For the past 15 years, Debra Mills has been investigating a mysterious
genetic disorder called Williams syndrome. This syndrome is puzzling to
scientists because, although individuals with Williams have cognitive
deficits, they also retain some normal cognitive functioning, specifically
in the areas of language and face recognition.
The similarities among individuals who have Williams syndrome are also
remarkable. In addition to the similar cognitive abilities, they also
share similar facial features, such as a turned-up nose that gives them
an elfin-like appearance. They are also characterized as being very social:
warm, friendly and making a lot of eye contact.
The disorder is caused by a microdeletion on chromosome 7 and is associated
with abnormalities in the posterior regions of the brain, especially the
smaller parietal lobes. The accompanying cognitive deficits are related
to spatial abilities, such as difficulty drawing and getting around town.
Individuals with Williams syndrome also have general mental retardation
and usually are unable to live on their own or go through regular schooling.
Although much can be learned from the deficits caused by this syndrome,
Mills, associate professor of psychology, is particularly interested in
the brain systems that mediate the preserved cognitive functions of these
Are these relatively spared cognitive functions normally organized
in the brain? Mills asked. Or do they show abnormal organization
because of, or perhaps as a consequence of, the other abnormal brain structures.
Are those also abnormally organized? To what extent is there plasticity
for these functions?
Mills research, done in collaboration with colleagues such as the
Salk Institutes Ursula Bellugi, has used the Event Related Potential
(ERP) technique to record the electrical activity of the brain. This technique
is useful in detecting activity in response to a particular stimulus because
it is time-locked to specific events and averaged across many trials.
That means extraneous brain activity is averaged out, leaving only the
activity for the particular stimulus under examination, such as an image
of a face or a word in a sentence.
Mills has found that in individuals with the disorder, the early part
of the ERP wave form (first 200 milliseconds after stimulus) has a characteristic
signature for both faces and language. Its almost like a marker
for abnormal brain function, she said.
The abnormal ERP is intriguing because it also is present in the spared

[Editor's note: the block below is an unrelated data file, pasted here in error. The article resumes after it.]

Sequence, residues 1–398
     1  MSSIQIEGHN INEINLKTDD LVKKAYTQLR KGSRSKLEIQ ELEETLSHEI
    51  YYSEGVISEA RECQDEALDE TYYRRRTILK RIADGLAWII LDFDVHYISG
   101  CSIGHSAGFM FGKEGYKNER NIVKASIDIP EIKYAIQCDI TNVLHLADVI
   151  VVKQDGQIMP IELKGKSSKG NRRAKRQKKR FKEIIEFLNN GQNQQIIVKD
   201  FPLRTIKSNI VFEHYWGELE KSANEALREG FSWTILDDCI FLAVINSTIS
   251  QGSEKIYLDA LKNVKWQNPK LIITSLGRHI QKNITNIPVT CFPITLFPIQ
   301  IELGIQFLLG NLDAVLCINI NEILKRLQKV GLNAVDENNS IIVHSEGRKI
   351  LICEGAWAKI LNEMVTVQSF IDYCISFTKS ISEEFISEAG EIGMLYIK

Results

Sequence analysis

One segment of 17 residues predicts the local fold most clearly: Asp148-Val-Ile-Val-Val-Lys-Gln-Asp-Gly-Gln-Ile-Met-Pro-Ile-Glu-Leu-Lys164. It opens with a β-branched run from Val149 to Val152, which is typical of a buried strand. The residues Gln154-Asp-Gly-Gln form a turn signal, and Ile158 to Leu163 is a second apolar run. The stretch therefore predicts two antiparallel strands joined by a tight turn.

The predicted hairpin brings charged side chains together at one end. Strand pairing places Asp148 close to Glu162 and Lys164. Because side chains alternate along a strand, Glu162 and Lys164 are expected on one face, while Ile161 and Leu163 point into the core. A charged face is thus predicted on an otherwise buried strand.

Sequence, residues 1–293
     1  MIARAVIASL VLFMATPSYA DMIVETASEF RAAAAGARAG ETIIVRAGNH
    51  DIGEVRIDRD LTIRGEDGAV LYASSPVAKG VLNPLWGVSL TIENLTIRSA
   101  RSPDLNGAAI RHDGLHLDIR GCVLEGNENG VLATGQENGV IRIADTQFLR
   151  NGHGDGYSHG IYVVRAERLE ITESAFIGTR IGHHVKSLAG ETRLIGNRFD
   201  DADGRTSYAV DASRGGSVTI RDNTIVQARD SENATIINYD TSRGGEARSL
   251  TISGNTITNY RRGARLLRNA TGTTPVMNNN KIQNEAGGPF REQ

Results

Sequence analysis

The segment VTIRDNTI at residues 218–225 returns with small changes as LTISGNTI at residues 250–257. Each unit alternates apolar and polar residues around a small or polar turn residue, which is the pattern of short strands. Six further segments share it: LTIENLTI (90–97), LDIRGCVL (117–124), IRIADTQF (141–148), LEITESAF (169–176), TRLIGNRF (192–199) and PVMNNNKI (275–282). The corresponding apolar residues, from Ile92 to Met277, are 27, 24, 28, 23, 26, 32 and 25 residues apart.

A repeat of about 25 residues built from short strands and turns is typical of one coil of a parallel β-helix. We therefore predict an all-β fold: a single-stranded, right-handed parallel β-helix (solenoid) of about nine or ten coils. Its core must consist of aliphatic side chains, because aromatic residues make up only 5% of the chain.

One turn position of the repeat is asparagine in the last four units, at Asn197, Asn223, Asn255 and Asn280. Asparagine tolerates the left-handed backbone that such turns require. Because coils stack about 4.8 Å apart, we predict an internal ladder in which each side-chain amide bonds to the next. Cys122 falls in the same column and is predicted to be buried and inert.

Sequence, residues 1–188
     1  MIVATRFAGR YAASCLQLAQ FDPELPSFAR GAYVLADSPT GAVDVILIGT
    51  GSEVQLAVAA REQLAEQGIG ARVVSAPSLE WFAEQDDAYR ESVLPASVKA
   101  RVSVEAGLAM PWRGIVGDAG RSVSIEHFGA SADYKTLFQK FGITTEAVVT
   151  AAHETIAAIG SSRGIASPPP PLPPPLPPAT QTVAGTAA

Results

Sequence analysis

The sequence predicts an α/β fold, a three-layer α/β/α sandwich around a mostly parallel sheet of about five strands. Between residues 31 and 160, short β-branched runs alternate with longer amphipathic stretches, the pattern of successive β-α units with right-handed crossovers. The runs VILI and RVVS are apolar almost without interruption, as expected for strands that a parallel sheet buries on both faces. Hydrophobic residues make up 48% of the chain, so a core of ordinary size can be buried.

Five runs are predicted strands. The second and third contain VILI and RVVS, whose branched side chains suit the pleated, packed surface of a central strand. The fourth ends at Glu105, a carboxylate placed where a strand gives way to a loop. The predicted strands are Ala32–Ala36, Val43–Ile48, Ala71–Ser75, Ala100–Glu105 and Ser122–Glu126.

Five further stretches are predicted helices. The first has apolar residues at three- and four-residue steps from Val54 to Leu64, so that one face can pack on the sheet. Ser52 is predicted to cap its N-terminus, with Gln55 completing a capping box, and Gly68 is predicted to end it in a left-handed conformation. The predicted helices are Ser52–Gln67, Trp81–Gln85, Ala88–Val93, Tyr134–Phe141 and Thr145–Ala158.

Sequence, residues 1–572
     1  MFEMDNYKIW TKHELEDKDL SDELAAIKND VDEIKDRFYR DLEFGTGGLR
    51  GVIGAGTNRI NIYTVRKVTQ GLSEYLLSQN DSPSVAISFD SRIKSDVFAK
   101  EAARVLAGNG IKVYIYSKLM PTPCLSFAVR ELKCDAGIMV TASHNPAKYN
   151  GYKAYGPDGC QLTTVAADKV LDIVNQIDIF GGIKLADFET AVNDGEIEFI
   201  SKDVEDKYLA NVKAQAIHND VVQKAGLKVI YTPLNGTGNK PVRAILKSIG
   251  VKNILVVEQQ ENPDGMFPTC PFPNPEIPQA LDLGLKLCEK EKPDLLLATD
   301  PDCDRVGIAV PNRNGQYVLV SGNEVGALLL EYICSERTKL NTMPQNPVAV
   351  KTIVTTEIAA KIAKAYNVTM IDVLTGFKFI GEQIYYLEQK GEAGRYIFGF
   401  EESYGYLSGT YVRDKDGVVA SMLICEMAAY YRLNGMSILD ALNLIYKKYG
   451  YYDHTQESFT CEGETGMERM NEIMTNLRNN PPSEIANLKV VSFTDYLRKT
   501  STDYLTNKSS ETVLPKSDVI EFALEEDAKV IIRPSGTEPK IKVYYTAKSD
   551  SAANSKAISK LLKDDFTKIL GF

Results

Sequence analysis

processes; the signature ERP has been found in every subject with Williams
syndrome tested in the study, which includes 60 adults and 20 children,
and not in any other population that has been tested (normal adults, patients
with brain lesions, individuals with Down syndrome, and both language-impaired
and normally functioning children).
Working with Julie Korenberg, a geneticist at UCLA, Mills is using specific
cases to form a picture of Williams syndrome. One way we are trying
figure out this puzzle is by looking at individuals that have a partial
deletion of the area on chromosome 7 associated with Williams and then
look at their cognitive profiles and the brain structures, Mills
They have studied one person who has only part of the deletion typical
of Williams Syndrome. This man is interesting because, although he has
several features in common with other people with Williams (facial features,
increased sociability), he has preserved spatial abilities.
Using magnetic-resonance imaging to monitor this mans brain, another
of Mills collaborators, Allan Reiss at Stanford University, found
that the posterior regions of his brainthose associated with spatial
abilitiesare relatively normal, but areas associated with auditory-language
processing are abnormally large, just like those in other individuals
with Williams. Interestingly, they showed the ERP pattern characteristic
of Williams syndrome for language, but the ERP pattern he displayed for
face processing was normal.
Mills explained: So all that information hangs together to say that
this area of the gene [that he retains] is probably responsible for the
abnormal spatial abilities in Williams.
Mills, who arrived on campus this fall, and her colleagues are funded
by a grant from the National Institutes of Health. Most of the testing
has been and will be performed at the University of California-San Diego.
However, Mills also will test subjects in her newly outfitted lab at Emory,
as well as analyze data and write up results. This work will be highlighted
in the PBS show Scientific American Frontiers, hosted by Alan
Alda, on Nov. 13.